Chef Dave Schmit has been cooking professionally for almost 15 years in restaurants and hotels, both in his native Minnesota and the Los Angeles area.
In L.A., his experience included such prestigious properties as the Hotel Bel-Air and the Beverly Hills Hotel, as well as opening Sadie Kitchen & Lounge in Hollywood as executive chef.
He and his wife, Dana, were married in San Luis Obispo in 2010, and they “jumped at the chance” to return here when she received a local job offer.
Though Schmit began working as a private chef, he also added a rather unique aspect to his résumé in 2012 when he answered a Craigslist ad looking for a chef to provide food for the Maxine Lewis Shelter. The four-days-a-week part-time job involves “shopping” at the Oceano Food Bank warehouse for donated, gleaned and/or rescued fresh produce, then prepping and cooking everything, and taking all the finished fare to the shelter.
“What makes this job special for me is addressing the nutritional aspect,” said Schmit, who makes it a point to prepare nutrient-dense food as opposed to calorie-laden. “Unfortunately, many of our needy are just plain malnourished.”
What is one of your favorite local/seasonal ingredients that you’ve been able to source, and why is it your favorite?
Butternut squash — it just reminds me of this time of the year. I recently did a party for the University of California Cooperative Extension’s 100-year celebration and made roasted butternut squash soup. So many people asked me for the recipe, so I thought this would be a good time to share it.
How does this particular dish represent your culinary style/background/philosophy?
I think a simple soup is a good representation of my style — letting the vegetables stand on their own while balancing it with the refinements of herbs, acid, vinegar, and salt to make a simple dish great. Regardless of if I am cooking at local events, for top celebrities, or for the needy, the food should and can be great!
How would home cooks approach this ingredient in their own kitchens?
Butternut can be kind of hard to cut, but for this recipe cutting it once only in half then roasting should take some pain out of it. Also, be sure to cut the stem off first, because your knife does not like to go through that! And, if you look for smaller, juvenile squash, their skin will be thinner and easier to get through.
You can also add additional veggies to this soup or even use it as a sauce. As a soup, it’s generally even better the second day!
What is your favorite dish to cook at home and why?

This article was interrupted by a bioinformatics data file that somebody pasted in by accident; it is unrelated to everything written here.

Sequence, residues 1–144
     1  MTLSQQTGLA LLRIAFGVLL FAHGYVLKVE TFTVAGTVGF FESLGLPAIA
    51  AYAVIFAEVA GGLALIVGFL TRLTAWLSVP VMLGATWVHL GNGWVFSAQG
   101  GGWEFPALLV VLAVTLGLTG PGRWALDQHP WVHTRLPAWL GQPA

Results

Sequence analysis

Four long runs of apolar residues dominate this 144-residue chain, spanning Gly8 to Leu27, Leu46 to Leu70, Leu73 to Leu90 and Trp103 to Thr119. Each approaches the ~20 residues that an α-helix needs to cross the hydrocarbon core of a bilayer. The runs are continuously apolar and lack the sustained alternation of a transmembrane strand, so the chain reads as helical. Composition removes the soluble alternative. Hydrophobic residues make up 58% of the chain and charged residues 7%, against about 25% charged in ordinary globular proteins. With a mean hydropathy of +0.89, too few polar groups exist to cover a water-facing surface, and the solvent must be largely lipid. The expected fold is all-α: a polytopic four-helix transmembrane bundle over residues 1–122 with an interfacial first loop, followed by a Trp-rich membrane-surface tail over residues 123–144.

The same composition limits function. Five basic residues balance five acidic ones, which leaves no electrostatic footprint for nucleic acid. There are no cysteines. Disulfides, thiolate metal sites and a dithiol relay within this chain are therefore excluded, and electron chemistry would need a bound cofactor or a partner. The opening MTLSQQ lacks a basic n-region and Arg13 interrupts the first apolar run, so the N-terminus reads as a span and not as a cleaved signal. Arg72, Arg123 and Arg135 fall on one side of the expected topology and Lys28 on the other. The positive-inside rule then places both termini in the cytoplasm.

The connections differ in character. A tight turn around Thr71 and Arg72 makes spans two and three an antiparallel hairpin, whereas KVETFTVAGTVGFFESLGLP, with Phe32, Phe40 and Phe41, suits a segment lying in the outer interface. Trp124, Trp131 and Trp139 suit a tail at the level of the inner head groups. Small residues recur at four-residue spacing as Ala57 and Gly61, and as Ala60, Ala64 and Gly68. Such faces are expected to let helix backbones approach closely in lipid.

Not to be redundant, but probably soup because my wife loves almost any kind, and/or cooking anything outside in our beautiful weather. I also love packing up a cheese and goodies plate and exploring local wineries. There is no better way to try so many combinations in such a beautiful setting.
Roasted Butternut Squash Soup
Makes: 6-8 servings
• 4 pounds whole butternut squash (about 2 medium), halved lengthwise and seeds removed
• 2 tablespoons unsalted butter (1/4 stick)
• 1 medium Granny Smith apple (about 8 ounces)
• 1/2 medium yellow onion
• 2 sticks of celery
• 2 carrots
• 8 fresh sage leaves
• 2-1/2 cups low-sodium vegetable or chicken broth
• 2-1/2 cups water
• 1/2 teaspoon cloves
• 1/2 teaspoon cayenne
• 1-1/2 teaspoons kosher salt, plus more as needed
• 1/4 teaspoon freshly ground black pepper, plus more as needed
• 1/3 cup heavy cream
Heat the oven to 425 degrees and arrange a rack in the middle.
Line a baking sheet with aluminum foil. Place the squash pieces cut side up on the baking sheet. Melt 1 tablespoon of the butter and brush all of it over the tops and insides of the squash halves. Season generously with salt and pepper. Roast until tender, about 50 minutes, remove from oven and let cool.
Meanwhile, peel, core and cut the apple into medium dice. Cut the onion, celery and carrot into medium dice. Melt the remaining tablespoon of butter in a large saucepan or Dutch oven over medium heat. Add the apple, onion and sage, season with salt and pepper, and cook, stirring occasionally, until softened. Remove the pan from the heat and set aside.
When the squash is cool enough to handle. Using a large spoon, scoop the flesh into the saucepan with the sautéed apples and veggies and discard the skins.
Add the broth, water and spices, stir to combine, and bring to a boil over medium-high heat. Reduce the heat to medium low and simmer, stirring occasionally and breaking up any large pieces of squash, about 20 minutes. Remove the pan from the heat and stir in the cream.
Using a blender, carefully purée the soup in batches until smooth. (Alternatively, use an immersion blender, but soup may not be as smooth.) Make sure to taste and season with salt and pepper as needed.